3

If you build the app to support multiple tenancy, then your future tech reps will have a choice about how to deploy it. If you find a customer who insists on a single-tenant instance, you will be able to support them. Some customers prefer that approach for infosec reasons.

At the same time, you'll be able to run multitenant operations. That will help you scale the application by gathering customers. There are several parts to that.

  1. technological scaling. More customers on a single instance will keep you honest about bottlenecks and race conditions, where you might not confront those issues on lots of small instances. You'll also have an easier time with sysadmin and backup work.
  2. Business scaling. A multitenant system can handle trials and small customers economically.
  3. Scaling upon customer success. What if a customer likes your product so much they want to require all their suppliers to use it? With multitenant, that's a customer-list upload. With single-tenant, that's lots of instance rigging.

Multitenant is the way to go for app design. It keeps choices open.

2

The choice is not clear at all, and you could easily do a hybrid approach. For example, Atlassian allows to use their tools (Jira, Bitbucket etc) on their server, but also let you install on your own server.

The downside of one instance per customer is that every update needs to be pushed to every customer - but they might have the choice to do it or not. Note that not every customer is happy to have ever-changing applications! You might not have everything under control, though. Think about backups, server operating systems, etc. Dozens of possible conflict points.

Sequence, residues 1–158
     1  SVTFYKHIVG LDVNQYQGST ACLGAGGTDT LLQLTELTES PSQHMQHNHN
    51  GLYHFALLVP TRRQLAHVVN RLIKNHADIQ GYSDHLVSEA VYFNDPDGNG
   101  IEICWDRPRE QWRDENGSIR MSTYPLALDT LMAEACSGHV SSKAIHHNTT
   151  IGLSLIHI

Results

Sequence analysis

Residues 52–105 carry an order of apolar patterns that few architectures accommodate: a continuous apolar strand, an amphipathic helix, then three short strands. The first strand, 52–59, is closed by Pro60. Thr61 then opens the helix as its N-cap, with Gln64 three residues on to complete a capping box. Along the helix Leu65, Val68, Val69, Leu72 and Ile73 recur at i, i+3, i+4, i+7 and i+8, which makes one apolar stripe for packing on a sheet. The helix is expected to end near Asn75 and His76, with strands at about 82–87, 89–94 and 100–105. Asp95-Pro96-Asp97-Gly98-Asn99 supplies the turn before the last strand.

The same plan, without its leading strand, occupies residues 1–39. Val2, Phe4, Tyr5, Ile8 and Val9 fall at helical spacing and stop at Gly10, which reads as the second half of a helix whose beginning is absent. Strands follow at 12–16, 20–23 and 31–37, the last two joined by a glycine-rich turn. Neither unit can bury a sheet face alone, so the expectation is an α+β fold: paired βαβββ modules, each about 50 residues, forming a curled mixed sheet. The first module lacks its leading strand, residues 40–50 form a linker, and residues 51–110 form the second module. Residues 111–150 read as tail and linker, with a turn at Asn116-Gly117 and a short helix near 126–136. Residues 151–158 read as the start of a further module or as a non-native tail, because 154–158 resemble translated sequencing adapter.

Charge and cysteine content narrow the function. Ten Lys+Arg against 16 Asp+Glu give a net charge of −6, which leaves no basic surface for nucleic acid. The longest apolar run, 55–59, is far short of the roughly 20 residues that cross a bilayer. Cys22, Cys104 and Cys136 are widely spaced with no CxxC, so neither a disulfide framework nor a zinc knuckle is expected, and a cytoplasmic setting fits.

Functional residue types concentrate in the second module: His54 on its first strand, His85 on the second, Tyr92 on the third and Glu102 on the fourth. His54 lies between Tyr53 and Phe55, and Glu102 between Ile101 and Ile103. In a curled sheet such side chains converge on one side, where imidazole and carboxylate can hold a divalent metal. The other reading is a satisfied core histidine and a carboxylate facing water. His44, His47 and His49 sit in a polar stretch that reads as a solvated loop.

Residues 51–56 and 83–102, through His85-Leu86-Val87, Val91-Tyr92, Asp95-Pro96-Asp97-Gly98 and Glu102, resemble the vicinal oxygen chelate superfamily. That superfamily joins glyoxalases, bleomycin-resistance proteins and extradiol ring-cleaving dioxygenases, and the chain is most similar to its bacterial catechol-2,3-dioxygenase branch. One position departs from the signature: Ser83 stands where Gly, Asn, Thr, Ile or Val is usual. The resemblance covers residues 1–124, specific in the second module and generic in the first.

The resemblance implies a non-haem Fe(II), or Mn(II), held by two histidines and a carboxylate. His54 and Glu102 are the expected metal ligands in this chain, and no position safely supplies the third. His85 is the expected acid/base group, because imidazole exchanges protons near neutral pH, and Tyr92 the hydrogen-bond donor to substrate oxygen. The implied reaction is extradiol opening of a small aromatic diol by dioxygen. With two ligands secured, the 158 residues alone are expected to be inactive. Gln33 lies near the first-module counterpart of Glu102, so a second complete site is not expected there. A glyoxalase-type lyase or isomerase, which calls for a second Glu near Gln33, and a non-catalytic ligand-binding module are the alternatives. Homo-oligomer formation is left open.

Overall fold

For fast-evolving applications, I think a central app makes sense. It will give you just another type of headaches. And if you mess up with something, all your customers are affected at the same time.

Side notes: It might make sense in the central-app-approach to keep your users' data in separate databases. Also, you could go with separate installs for each customer, but in a controlled environment at your data center, so that you still have the full control. Always keep in mind that complexity grows exponentially with the number of options.

2

I've seen 2 developments happen in every application that I've worked on that was multi-customer but single tenant:

  • A feature is only required for one specific customer who wants to pay for it. Even for the most successful startup this feature is hard to resists, so the code bases for the apps do diverge due to time pressures. At some point, they either become unmergeable, which if the multi-tenanted software is successful leaves the single tenancy in the dust. Worse case is that lots of maintenance work is now required to manage multiple pieces of software.
  • Even in the smallest economies (mine is New Zealand), you'll quickly come across customers that need some sort of corporate super user that can access all departments records, while multiple tenancies of their subordinates need to be kept separate. This is exactly the same as multi-tenancy application wide, so you end up having to built it in any case.